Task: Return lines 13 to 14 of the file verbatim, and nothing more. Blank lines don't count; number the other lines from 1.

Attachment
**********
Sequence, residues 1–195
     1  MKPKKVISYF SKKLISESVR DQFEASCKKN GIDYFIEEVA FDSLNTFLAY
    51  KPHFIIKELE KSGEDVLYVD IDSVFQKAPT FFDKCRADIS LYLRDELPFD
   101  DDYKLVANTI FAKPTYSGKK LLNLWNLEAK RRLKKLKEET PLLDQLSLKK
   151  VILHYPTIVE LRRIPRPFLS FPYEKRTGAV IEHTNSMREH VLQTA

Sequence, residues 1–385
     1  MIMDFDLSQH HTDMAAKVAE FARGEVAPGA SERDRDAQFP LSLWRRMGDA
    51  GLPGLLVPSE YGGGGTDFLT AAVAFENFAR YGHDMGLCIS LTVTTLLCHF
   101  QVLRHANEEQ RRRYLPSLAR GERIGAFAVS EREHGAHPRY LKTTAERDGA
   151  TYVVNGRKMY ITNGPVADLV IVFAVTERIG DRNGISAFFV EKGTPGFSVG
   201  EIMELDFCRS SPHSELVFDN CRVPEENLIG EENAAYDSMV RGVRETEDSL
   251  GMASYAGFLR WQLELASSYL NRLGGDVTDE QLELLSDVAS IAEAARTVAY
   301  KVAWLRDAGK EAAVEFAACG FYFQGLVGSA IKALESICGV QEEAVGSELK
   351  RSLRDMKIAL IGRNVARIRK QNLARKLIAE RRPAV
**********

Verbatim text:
   301  KVAWLRDAGK EAAVEFAACG FYFQGLVGSA IKALESICGV QEEAVGSELK
   351  RSLRDMKIAL IGRNVARIRK QNLARKLIAE RRPAV